- He is an exile who, having knowledge, sits like one of foreign speech amongst people of another
- It is not from hatred that we separate ourselves from our own people or places (God forbid!), but to
avoid the harm which might come to us from them. In this, as in everything else, it is Christ who
teaches us what is good for us. For it is clear that He often left His parents according to the flesh. And
when He was told, ‘Thy Mother and Thy brethren are seeking for Thee’, our good Lord and Master at
once showed us an example of dispassionate3 hatred when He said, ‘My Mother and My brethren are
they who do the will of My Father who is in heaven’.4
1 Romans ii, 21.
‘Dispassion’, Gk. apatheia. Jerusalem means ‘City of Peace’. The only true peace is freedom from passion, and
the technical word for this is ‘dispassion’.
3 apathes, i.e. free from human emotions and feelings.
4 St. Matthew xii, 49.
- Let him be your father who is able and willing to labour with you in bearing the burden of your
sins; and your mother—contrition, which can cleanse you from impurity; and your brother—your
comrade who toils and fights side by side with you in your striving toward the heights. Acquire an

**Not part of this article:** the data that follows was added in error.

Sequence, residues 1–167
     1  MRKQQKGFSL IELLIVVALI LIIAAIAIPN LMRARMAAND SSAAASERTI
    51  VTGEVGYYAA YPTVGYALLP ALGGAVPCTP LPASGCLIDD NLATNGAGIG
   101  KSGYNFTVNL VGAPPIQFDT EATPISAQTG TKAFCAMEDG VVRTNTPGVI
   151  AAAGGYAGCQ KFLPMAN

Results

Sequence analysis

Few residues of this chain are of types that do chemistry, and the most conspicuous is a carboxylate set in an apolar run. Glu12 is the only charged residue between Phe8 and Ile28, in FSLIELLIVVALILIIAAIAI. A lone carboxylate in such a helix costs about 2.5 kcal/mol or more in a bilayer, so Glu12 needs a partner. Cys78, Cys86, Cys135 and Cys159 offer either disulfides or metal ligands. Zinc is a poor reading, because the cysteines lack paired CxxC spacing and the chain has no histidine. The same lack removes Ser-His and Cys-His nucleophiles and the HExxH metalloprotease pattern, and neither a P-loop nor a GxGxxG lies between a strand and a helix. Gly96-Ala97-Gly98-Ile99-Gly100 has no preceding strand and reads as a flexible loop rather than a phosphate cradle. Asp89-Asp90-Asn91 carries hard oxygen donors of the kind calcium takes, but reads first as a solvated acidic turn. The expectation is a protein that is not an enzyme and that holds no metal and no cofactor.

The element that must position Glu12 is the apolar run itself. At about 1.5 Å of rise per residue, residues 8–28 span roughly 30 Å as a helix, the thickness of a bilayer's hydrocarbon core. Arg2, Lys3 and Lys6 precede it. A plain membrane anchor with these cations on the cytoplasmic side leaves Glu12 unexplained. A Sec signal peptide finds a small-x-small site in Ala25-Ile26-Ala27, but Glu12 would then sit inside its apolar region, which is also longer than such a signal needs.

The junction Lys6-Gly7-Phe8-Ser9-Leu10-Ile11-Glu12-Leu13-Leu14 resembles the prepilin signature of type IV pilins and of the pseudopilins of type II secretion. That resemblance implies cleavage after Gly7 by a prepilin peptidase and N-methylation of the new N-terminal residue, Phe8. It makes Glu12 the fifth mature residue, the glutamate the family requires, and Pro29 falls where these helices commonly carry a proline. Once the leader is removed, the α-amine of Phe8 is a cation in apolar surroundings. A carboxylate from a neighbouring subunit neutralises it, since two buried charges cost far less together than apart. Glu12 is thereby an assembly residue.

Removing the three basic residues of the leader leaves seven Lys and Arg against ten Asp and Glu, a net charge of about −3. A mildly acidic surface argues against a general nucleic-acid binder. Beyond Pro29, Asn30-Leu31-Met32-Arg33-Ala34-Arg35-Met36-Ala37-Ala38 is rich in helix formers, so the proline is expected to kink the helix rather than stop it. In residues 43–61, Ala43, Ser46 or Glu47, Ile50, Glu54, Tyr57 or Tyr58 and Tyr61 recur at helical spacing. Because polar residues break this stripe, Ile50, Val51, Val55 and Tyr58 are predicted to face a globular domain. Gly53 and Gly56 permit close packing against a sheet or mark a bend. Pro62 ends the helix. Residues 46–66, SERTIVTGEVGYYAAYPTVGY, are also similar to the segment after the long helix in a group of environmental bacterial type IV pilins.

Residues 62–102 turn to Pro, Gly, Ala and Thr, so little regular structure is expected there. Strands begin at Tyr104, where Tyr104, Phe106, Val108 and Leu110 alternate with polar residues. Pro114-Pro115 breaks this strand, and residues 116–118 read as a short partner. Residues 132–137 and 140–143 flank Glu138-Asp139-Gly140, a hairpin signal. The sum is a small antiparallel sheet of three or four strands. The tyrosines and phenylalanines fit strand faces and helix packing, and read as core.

inseparable wife—the remembrance of death. And let your beloved children be the sighs of your heart.
Make your body your slave; and your friends, the Holy Powers (Angels) who can help you at the hour
of your death, if they become your friends. This is the generation (family) of those who seek the Lord.1
- Love of God extinguishes our love for our parents. And so he who says that he has both deceives
himself. He should listen to Him who says: No man can serve two masters.2 I have not come, says the
Lord, to bring peace on earth (that is, love of parents among sons and brothers who have resolved to
serve Me) but war and a sword3 in order to separate lovers of God from lovers of the world, the
material from the spiritual, the proud from the humble. For strife and separation delight the Lord when
they spring from love for Himself.
- Look, beware, lest you be exposed to the deluge of sentiment through your attachment to the things
of your home, and all that you have be drowned in the waters of earthly affection. Do not be moved by
the tears of parents or friends; otherwise you will be weeping eternally. When they surround you like
bees, or rather wasps, and shed tears over you, do not for one moment hesitate, but sternly fix the eye